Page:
South African Adventure This work has been published in the Teen Ink monthly print magazine.

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   South African Adventure

by J. B., Halifax, MA

The wheels of the plane touched the earth and I was filled with so much excitement I thought I would burst, as though I was an exorable volcano of emotions about to explode. I was off on the adventure of a lifetime, halfway around the world, in the mysterious region of South Africa.

I had been preparing for this for a long time. I loved camping, had always wanted to travel and thought of myself as a compassionate person. One day, when I was in sociology class we were discussing different groups and the teacher mentioned a group responsible for pairing up doctors with volunteers who travel to remote parts of the world to administer inoculations and medicine and teach people basic health procedures. After looking into this, I was paired with a doctor going to South Africa for the third time. I would need to give up two months of my summer vacation: two months of fun with my friends, luxury and comfort, for a remote country. But there were people who needed me. I was on my way, with visions of being a great hero to these people, saving lives and giving them hope once again. I was the great American giving up my time to help the poor "savages" of Africa.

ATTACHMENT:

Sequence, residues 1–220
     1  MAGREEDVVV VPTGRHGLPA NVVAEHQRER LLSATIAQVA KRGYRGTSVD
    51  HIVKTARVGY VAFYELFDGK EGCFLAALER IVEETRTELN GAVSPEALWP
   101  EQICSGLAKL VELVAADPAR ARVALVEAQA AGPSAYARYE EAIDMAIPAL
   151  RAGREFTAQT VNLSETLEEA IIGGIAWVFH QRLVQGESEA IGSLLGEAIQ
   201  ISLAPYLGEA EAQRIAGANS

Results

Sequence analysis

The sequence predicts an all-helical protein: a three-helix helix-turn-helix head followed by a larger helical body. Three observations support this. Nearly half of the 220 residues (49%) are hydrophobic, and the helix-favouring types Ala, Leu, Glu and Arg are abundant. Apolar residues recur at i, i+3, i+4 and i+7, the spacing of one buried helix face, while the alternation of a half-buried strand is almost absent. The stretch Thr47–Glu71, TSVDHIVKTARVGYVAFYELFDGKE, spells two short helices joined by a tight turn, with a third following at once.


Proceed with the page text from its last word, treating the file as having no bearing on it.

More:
I leaned over the man sleeping beside me and strained to look out the window, expecting to see dense jungle with monkeys and maybe an elephant. The scene that greeted my eyes was far from what I expected: the grey pavement and sleek tall skyscrapers of a modern metropolis mocked my naive perception of this far-from-primitive city. There must be some mistake, I thought. This can't be Africa.